The conviction of one of Hollywood’s most powerful men at his sexual assault trial Monday could change the way sex crimes are viewed far beyond that New York City courtroom.
Harvey Weinstein was found guilty on two of three charges: a criminal sex act for assaulting production assistant Mimi Haleyi at his apartment in 2006 and third-degree rape of a woman in 2013. The jury found him not guilty on the most serious charge, predatory sexual assault, that could have resulted in a life sentence.
To a law professor at the University of B.C., Weinstein’s conviction could mean the tides are changing on sexual assault.
“It is a reminder that even the most powerful people, even the the men who seem most untouchable, aren’t above the law, and that it is possible to use the criminal justice system as one means of trying to hold men accountable for sexual violence against women,” Janine Benedet told Black Press Media shortly after the verdict came down Monday.
“So in that sense, I mean, it does send a positive sort of message.”
Weinstein’s conviction marked a major win for the #MeToo movement, which started with accusations against the disgraced Hollywood mogul made by women who spoke to Ronan Farrow. The piece, published in the New Yorker in the fall of 2017, was followed by one in the New York Times, and scores of accusations made around the industry. Weinstein was arrested in May 2018, seven months after the exposés.
Weinstein faces another sex crimes trial in Los Angeles following charges announced earlier this year.
During the trial in New York, Weinstein’s lawyers had tried to convince the jury – made up of seven men and five women – that his accusers had used the producer for fame.
During closing arguments, Weinstein lawyer Donna Rotunno said the case against Weinstein amounted to “regret renamed as rape,” arguing that the women exercised their free will to try to further their careers.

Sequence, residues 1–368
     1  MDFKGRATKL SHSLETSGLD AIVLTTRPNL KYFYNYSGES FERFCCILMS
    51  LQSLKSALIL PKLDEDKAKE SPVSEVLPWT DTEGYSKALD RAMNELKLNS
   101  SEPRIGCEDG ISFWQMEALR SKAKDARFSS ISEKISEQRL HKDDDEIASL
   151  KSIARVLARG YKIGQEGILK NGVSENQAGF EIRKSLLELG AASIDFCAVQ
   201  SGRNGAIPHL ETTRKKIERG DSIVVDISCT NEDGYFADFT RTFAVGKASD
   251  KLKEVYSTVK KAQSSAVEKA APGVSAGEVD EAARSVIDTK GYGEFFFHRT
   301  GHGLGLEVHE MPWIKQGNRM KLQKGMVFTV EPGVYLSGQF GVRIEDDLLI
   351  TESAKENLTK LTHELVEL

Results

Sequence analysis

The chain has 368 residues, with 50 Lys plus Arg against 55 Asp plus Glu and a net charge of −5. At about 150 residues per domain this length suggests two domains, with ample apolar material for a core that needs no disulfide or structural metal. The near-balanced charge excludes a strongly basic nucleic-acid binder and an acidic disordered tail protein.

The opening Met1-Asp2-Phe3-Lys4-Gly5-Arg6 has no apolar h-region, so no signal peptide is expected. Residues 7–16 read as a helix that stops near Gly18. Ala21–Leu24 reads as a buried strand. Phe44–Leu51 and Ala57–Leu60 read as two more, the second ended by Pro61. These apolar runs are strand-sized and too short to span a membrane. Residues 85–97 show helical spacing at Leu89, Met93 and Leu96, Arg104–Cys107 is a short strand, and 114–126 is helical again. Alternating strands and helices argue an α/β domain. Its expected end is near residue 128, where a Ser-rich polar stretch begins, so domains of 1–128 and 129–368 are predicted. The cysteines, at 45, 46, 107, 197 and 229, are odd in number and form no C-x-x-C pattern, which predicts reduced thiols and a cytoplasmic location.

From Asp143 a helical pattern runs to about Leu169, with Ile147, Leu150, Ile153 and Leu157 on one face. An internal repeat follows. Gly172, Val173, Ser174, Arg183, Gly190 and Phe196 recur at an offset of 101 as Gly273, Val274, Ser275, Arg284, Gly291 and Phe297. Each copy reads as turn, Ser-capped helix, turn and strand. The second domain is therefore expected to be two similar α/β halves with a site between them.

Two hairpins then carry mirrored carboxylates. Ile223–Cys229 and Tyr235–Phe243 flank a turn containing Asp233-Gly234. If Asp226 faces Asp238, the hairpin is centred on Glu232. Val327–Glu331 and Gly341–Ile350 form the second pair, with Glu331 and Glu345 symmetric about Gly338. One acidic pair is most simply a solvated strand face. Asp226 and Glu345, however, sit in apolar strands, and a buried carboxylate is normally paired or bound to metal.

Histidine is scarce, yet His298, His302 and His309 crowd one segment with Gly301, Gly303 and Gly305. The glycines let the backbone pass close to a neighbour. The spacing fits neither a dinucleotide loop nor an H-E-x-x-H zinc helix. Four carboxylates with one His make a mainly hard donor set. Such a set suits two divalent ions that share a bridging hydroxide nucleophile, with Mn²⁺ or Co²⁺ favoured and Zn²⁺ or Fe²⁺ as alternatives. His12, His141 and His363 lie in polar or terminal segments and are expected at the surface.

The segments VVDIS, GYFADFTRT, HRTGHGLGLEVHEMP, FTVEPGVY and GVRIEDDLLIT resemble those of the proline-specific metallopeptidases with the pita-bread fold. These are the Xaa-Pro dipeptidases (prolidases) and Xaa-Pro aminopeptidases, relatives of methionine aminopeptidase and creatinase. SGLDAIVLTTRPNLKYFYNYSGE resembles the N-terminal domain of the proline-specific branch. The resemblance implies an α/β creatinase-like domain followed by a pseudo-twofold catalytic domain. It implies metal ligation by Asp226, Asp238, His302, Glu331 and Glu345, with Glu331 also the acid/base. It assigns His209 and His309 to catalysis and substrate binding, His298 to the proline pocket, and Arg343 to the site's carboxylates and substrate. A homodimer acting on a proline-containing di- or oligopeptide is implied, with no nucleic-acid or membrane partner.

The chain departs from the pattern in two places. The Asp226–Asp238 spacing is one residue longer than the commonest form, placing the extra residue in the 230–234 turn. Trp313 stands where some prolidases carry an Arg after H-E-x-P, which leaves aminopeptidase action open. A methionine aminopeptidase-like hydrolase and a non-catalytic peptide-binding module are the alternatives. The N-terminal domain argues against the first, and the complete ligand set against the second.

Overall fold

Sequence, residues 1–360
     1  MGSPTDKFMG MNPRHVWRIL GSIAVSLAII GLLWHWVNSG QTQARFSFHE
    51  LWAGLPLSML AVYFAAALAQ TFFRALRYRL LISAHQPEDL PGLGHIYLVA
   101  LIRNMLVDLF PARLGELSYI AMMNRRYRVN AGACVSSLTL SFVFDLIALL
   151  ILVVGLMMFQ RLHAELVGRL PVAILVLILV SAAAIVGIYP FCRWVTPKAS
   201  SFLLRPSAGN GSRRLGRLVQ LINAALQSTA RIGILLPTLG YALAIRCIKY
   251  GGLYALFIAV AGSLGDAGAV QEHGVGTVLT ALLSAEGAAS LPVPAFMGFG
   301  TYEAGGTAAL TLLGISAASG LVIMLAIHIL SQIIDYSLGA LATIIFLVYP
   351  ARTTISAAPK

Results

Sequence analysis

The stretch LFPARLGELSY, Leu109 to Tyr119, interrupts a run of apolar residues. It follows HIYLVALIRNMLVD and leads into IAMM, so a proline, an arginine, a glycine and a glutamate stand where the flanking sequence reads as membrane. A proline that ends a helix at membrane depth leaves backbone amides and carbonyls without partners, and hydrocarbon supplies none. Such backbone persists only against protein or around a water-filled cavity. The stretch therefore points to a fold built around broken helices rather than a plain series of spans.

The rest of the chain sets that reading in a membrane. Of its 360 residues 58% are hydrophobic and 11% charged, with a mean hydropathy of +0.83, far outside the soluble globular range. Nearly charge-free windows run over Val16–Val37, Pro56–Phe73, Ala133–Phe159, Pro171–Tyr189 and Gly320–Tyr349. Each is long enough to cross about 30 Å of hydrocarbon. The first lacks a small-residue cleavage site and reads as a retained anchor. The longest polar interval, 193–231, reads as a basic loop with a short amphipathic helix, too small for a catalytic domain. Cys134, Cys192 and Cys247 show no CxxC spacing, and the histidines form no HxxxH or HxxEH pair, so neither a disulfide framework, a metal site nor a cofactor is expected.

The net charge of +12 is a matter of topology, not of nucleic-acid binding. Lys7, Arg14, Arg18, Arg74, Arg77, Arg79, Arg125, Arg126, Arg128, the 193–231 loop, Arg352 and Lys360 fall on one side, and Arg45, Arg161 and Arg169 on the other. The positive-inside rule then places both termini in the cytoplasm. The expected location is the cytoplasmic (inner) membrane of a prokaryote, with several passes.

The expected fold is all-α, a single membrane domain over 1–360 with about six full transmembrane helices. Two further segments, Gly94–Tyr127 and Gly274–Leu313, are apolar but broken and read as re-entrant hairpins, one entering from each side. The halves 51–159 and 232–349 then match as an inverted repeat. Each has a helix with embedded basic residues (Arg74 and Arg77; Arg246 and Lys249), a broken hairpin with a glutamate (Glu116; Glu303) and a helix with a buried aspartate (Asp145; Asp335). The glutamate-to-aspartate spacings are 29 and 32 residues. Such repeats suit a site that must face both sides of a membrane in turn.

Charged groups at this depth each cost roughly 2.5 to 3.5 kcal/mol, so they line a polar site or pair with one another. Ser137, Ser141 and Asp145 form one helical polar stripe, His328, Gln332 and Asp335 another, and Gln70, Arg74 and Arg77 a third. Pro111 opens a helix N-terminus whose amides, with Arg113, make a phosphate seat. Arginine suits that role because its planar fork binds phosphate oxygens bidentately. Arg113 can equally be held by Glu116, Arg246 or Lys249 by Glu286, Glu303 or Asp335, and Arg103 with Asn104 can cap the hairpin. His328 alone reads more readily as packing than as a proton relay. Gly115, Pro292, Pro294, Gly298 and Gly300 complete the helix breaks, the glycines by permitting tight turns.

Benedet said that is one of the hurdles victims face when reporting sexual assault. The arguments made by Weinstein’s lawyer, Benedet said, along with acquittal on the most serious charge could hint at the way the power balance in sexual assault cases is viewed.
The way that Weinstein abused his power was just as coercive as using physical force, she noted, even if the jury may not have seen it that way.
“Having control over someone’s future and career prospects… that kind of leverage, when combined with other forms of power like wealth and age and sex is actually very potent and very coercive,” Benedet said.
“The focus of sexual offences is the fact that the victim doesn’t want this to be happening – not the technique the abuser is using.”
|Harvey Weinstein arrives at a Manhattan courthouse during jury deliberations in his rape trial, Monday, Feb. 24, 2020, in New York. (AP Photo/John Minchillo)|
Victims can also buy into the narrative that it’s not assault unless physical force is used, Benedet said, and that can lead them to stay in touch with their abuser.
Some women can stay in touch, and even remain intimate with their abuser, due to fear. In Weinstein’s case, it’s fear of power, she said, but in others, it can be fear of making a fuss or breaking up a family.
“If it’s a spouse you might not be ready to break up your marriage,” Benedet said. “Most often, it’s by family members – the fact that you continue to have a relationship with your grandfather or your uncle or your father is hardly surprising.”
Benedet said women who do report are often made to feel guilty for wanting their abuser in court.
“The idea is that women are supposed to be forgiving, we’re supposed to accept men’s apologies and when we don’t… there is a stereotype that paints us as vindictive,” she said.
And that’s just the start in the troubles that follow when women come forward. For many, both the police and the court processes are long and harrowing.
Women are often expected to be the “perfect victim,” Benedet said.
“But no one can ever meet that standard. There’s always something you’ve been drinking or taking drugs, you went back to his house again, you don’t have perfect chronological recall [of the assault] and on and on it goes.”
Those criteria for being a suitable victim all feed into the stereotype of how sexual assault happens: “Real sexual assault is committed against a woman who’s just living an ordinary, respectable life and is attacked by a stranger who uses violence.”
The myth persists, Benedet said, because of fear.
“We can make ourselves believe that if we don’t go out at night, if we carry our keys between our fingers, or whatever it is we’re supposed to do, we can eliminate the risk of being sexually assaulted,” she said.
But according to Statistics Canada data, 52 per cent of victims know their attacker – and that’s after removing spousal abuse from the equation.
“We’re all vulnerable. And that’s a very hard pill to swallow.”
– with files from The Associated Press